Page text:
On December 31, 1998, at 1730 central standard time, a Cessna 152 airplane, N46285, was substantially damaged during a forced landing following a loss of engine power during initial takeoff climb near Bowie, Texas. The flight instructor and the private pilot receiving instruction were not injured. The airplane was owned and operated by Aer Mistral, Inc., of Fort Worth, Texas. Visual meteorological conditions prevailed for the Title 14 CFR Part 91 instructional flight for which a flight plan was not filed. The flight originated from the Meacham International Airport, near Fort Worth, Texas, one hour and 42 minutes prior to the accident. Use your browsers 'back' function to return to synopsisReturn to Query Page
In the enclosed NTSB Form 6120.1/2, the operator reported that the fuel tanks were topped off with 16.9 gallons of 100LL aviation fuel prior to being dispatched to the local training area for an instrument training flight. The flight instructor reported that prior to the accident, he and his student had been executing practice instrument NDB approaches to the Bowie Municipal Airport under their own navigation, while in VFR conditions. The approaches were terminated with touch and go landings.
The operator reported that the engine lost power during takeoff from runway 35. He added that the pilot "pitched nose down to avoid a stall." Subsequently, the airplane landed on rough and uneven terrain, nosed over, and came to rest in the inverted position approximately 10 to 15 feet from the west edge of the runway.
The flight instructor reported that during initial takeoff climb, he and his student "heard a different engine sound and saw the RPM drop." The flight instructor added that he assumed the controls of the airplane and "put the nose down." As soon as the flight instructor lowered the nose of the airplane, the engine sounded normal again; however, he was too low to recover and the nose landing gear impacted the ground.
The airport manager stated that the pilot never reported his position or intentions on the operational Unicom frequency. An eyewitness at the airport reported that the airplane landed hard in "rough and uneven terrain approximately 300 feet to the west of runway 35 abeam the numbers." The witness added that the airplane "did not roll much more than 50 feet before it flipped over on its back. "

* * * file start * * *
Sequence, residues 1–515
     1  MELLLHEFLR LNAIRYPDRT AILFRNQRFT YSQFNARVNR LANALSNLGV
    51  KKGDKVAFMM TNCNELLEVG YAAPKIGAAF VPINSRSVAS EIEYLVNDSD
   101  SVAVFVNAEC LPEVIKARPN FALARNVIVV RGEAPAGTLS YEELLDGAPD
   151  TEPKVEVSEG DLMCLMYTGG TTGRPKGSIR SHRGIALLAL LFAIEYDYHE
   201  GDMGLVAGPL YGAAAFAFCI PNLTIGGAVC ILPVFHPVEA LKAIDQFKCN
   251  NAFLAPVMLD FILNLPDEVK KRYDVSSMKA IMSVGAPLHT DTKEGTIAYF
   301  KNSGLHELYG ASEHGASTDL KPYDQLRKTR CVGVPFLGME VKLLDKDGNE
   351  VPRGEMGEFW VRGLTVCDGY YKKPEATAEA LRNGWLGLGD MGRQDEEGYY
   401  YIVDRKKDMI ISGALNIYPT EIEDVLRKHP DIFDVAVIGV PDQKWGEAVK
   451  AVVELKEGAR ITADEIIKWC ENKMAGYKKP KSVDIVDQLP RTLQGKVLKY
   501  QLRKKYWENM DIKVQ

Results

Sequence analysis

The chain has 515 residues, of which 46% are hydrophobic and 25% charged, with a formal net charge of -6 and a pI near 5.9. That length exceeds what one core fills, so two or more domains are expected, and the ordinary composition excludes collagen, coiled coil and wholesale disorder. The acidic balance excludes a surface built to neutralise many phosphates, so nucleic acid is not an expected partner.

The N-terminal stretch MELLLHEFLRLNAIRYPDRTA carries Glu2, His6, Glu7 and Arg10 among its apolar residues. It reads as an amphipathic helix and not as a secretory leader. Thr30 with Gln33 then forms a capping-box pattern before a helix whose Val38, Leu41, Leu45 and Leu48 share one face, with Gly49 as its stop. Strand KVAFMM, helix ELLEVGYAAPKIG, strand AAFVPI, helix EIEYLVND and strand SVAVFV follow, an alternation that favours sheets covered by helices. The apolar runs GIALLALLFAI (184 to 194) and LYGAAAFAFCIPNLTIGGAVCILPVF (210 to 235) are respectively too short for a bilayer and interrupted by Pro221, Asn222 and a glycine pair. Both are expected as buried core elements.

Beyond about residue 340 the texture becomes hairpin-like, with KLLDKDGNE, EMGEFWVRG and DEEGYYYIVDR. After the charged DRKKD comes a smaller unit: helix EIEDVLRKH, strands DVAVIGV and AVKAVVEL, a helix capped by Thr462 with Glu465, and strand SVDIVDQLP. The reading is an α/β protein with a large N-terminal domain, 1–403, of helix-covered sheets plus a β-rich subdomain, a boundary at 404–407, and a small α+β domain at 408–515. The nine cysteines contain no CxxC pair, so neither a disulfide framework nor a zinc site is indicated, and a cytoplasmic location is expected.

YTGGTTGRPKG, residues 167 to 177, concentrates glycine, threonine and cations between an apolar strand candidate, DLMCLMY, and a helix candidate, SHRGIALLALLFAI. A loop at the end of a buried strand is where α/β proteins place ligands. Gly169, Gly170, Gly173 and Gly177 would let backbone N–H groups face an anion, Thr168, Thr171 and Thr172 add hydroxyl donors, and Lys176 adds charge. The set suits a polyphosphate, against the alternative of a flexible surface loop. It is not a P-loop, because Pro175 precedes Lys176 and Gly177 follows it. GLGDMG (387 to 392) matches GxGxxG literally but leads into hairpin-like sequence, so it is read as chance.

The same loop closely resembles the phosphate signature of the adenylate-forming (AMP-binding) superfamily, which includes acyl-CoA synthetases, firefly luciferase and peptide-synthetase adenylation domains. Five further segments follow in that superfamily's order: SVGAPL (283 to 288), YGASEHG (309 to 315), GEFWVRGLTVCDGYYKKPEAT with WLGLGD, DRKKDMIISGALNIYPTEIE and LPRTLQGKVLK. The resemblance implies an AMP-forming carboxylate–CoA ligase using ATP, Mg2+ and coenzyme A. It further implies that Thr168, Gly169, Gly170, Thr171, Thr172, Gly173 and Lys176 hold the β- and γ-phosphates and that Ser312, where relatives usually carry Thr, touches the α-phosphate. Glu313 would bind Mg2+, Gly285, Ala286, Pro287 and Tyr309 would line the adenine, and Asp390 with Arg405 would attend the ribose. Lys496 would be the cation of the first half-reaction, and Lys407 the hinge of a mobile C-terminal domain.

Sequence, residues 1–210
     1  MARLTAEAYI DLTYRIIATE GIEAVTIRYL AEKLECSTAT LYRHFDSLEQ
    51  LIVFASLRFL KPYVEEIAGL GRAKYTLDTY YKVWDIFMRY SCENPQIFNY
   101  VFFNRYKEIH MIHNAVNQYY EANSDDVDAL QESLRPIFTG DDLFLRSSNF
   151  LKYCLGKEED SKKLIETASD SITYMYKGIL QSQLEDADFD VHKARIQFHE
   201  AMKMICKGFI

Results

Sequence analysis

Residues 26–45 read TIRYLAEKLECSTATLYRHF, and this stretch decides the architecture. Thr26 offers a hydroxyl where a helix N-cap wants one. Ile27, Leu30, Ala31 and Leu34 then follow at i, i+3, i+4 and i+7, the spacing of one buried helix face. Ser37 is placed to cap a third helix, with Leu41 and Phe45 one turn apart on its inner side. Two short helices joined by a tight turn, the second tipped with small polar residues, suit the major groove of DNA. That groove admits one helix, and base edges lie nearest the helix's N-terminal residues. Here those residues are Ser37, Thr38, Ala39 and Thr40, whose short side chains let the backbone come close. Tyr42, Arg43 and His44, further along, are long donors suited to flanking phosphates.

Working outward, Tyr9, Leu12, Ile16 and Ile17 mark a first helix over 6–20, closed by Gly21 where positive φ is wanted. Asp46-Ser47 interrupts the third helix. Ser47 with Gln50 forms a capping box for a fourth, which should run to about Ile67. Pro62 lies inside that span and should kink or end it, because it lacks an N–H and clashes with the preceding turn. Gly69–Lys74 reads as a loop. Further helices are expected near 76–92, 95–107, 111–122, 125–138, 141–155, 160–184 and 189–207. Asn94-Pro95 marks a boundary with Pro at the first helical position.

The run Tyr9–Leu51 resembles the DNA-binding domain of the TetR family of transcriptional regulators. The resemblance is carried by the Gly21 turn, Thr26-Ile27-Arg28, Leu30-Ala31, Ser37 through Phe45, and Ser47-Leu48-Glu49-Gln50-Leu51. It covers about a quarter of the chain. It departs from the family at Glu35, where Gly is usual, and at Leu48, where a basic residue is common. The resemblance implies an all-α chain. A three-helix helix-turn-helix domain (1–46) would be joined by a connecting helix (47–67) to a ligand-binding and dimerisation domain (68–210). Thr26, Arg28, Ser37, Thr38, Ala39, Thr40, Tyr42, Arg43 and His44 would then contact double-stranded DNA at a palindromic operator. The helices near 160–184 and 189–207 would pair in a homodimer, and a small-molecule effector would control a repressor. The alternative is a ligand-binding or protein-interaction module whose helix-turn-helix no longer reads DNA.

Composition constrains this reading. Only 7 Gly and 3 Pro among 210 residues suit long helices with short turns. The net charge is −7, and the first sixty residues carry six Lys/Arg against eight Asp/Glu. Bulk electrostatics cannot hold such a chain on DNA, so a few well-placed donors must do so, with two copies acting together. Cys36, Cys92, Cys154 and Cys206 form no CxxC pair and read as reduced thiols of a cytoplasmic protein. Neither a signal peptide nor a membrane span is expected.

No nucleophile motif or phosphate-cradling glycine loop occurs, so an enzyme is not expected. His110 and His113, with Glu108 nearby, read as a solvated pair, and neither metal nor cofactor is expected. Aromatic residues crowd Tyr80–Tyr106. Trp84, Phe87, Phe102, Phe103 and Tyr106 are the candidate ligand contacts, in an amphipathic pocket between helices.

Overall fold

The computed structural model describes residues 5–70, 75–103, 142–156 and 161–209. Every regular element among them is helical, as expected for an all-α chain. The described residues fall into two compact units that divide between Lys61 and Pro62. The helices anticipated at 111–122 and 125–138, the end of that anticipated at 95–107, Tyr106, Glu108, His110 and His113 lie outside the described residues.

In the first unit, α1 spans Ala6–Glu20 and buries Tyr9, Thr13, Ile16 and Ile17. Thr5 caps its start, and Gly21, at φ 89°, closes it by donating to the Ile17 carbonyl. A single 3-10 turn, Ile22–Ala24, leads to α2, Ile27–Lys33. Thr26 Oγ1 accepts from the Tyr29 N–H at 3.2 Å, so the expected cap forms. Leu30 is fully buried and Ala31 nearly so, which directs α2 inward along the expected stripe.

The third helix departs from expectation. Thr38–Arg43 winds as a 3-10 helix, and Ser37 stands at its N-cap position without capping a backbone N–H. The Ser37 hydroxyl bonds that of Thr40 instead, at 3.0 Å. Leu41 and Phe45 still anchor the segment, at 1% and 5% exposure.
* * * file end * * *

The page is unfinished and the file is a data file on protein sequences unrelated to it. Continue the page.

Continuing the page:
The 1,800 hour flight instructor and the operator failed to report the mishap to the NTSB or any other agency. The operator recovered the wreckage of the airplane to his maintenance facility in Fort Worth the day after the accident. The flight instructor stated that after his initial examination of the airplane at the accident site, he evaluated the damage incurred to the airplane as "minor."
An FAA inspector examined the wreckage at the operator's maintenance facility. His examination confirmed that both wings and the fuselage sustained structural damage. Cylinder compression was checked, and engine continuity was established to the valve train and the accessory case. Electrical continuity to both magnetos was established. Evidence of fuel was found in the carburetor, gascolator, fuel lines, and fuel cells. No pre-existing engine deficiencies were noted and the investigation was not able to determine the reason for the reported loss of engine power.
The airport manager reported that the winds at the time of the accident were from the north at 5 to 7 knots.